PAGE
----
I recently re-watched the original Matrix for the first time in probably, oh, eight years or so. I was sort of worried that a decade’s worth of spoofs and imitations would rob it of some of the initial impact, but I’m happy to report it still holds up as a very strong film. Also, it’s definitely one of the best looking blu-rays I have seen, even though they went just a tad overboard with the green tint in this one.

Re-watched Matrix: Reloaded, as well. Still enjoyed it quite a bit, although I remember once thinking I preferred it to the first film. Not sure if that is still the case – it had better action scenes, but suffers from a dragging pace in the first act. Still a very worthy sequel that unfortunately is often criticized more for the sins of the third film than for any real problems it itself has.

Then there’s The Matrix: Revolutions. So, alright, I did still like the movie quite a bit. I was worried that watching it so soon after watching Reloaded might be a negative, but I am now of the opinion that this is really the ONLY way to watch Revolutions. I think one of the problems people have with it, even if they don’t realize it on a conscious level, is that it is doesn’t work at all as a movie on its own. Reloaded and Revolutions were filmed at the same time and are essentially one giant movie, and that can really be felt in the third film, which is pretty much just one long climax. It doesn’t have a three act structure – sure, it kind of tries for one with the opening twenty minutes of Neo stuck in the train station, but it’s really just farting around at that point, killing time till we get to the good stuff.

Another interesting thing about it, and probably another reason it is far less popular than the others, is how little time is actually spent in the Matrix in this movie. Almost all of the movie is in “the real world,” and most of what scenes are in The Matrix are either in the Smith-corrupted version or the Merovingian’s club, which is such an over-the-top portrayal of a fetish club that it doesn’t feel real, anyway. This emphasis on Zion and real-world action lends the movie a totally different feel than the other two, and I think it was pretty ballsy of the Wachowski’s to conclude the series with a movie that mostly avoids the sort of action that dominated the previous two.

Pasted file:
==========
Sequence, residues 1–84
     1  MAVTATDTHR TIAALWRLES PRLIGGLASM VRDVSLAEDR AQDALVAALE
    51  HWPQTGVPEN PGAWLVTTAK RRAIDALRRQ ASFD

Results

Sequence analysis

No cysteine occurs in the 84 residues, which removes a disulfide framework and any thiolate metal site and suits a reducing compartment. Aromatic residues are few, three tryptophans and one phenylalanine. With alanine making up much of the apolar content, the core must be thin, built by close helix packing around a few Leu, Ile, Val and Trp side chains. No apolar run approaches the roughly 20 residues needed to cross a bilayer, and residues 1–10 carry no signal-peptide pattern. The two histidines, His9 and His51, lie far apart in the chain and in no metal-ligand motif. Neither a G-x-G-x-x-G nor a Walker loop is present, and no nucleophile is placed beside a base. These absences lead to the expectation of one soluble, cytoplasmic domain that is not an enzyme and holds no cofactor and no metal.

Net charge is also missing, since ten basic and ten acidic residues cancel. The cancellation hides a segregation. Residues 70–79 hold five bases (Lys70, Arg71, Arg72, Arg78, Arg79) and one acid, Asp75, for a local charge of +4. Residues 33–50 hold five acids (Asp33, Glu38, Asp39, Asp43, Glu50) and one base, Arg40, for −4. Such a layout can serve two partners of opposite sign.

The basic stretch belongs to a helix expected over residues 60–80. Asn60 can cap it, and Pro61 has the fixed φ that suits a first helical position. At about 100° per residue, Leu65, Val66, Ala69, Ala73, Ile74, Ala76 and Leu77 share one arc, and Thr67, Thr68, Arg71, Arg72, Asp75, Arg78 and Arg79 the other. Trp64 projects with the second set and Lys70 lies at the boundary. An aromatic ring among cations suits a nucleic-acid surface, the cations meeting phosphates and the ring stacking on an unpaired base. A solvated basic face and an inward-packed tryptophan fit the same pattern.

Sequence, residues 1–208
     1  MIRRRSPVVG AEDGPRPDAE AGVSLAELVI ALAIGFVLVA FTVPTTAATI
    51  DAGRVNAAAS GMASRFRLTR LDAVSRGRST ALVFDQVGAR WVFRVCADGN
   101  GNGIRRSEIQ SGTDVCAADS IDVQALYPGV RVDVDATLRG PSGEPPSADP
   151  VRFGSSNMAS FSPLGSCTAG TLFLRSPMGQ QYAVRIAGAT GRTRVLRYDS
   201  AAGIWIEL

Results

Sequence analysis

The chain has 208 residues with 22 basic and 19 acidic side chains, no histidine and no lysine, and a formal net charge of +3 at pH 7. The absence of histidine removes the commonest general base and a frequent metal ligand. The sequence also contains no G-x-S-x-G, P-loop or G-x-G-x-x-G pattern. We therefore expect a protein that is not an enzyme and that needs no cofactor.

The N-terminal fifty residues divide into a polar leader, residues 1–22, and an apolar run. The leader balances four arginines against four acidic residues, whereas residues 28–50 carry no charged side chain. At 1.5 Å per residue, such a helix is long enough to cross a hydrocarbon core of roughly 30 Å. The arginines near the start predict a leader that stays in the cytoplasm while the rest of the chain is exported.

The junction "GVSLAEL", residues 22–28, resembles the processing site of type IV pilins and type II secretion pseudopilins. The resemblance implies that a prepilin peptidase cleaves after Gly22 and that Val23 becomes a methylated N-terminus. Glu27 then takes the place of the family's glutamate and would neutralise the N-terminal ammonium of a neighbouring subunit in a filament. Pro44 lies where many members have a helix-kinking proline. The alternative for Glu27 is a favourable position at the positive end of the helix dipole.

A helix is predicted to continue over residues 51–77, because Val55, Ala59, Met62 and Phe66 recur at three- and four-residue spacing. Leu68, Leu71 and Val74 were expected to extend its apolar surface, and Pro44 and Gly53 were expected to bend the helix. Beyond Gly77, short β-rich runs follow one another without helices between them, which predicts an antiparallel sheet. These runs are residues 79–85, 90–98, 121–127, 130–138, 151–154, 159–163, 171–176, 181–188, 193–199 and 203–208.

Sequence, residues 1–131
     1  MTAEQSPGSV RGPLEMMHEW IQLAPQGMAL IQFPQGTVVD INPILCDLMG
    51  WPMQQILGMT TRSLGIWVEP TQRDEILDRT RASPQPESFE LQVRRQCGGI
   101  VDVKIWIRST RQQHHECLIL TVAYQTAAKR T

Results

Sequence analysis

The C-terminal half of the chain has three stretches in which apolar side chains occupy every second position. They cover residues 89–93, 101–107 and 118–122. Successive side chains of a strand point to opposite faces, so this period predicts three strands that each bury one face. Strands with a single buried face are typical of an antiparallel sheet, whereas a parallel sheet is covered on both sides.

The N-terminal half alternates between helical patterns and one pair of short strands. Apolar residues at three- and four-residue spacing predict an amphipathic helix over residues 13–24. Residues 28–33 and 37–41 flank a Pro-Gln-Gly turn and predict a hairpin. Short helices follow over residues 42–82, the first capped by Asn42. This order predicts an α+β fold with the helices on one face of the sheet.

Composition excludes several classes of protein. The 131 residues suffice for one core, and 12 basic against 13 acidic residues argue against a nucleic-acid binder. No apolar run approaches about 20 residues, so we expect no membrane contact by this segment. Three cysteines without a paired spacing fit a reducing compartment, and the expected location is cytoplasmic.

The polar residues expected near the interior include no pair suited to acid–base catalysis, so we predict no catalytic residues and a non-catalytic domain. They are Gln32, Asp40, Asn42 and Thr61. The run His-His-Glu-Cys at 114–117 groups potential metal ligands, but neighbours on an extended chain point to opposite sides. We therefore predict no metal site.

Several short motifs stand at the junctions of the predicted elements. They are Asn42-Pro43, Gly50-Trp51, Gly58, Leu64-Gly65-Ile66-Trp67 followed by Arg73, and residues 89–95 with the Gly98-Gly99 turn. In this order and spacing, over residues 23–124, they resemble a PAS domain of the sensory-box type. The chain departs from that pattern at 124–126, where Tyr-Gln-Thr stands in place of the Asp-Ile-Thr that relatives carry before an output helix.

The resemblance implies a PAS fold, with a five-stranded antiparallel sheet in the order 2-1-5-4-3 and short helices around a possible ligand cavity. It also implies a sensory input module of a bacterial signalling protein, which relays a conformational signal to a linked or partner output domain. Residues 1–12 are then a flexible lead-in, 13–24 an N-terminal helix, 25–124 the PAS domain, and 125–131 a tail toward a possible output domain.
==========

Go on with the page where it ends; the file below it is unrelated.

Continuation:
That leads me to my one big complaint – the battle of Zion. Now, don’t get me wrong, it’s a very cool sequence, and it looks absolutely stupendous watching it on blu-ray on a large-screen high-def TV. But the problem is that none of the three main characters are involved in it. For twenty or so minutes, the movie instead asks us to follow a bunch of side-characters we barely know and hardly care about. Heck, one of the main characters of this sequence (the butch chick that is clearly an “homage” to Vasquez from Aliens) is literally introduced with just a couple lines of dialog only minutes before the battle. This is such a weird filmmaking decision – to take Neo, Trinity and Morpheus out of the equation for such a long stretch in the climactic film of the trilogy – and one that suggests the Wachowski’s were starting to get a little too overly-confident in their connection with the audience.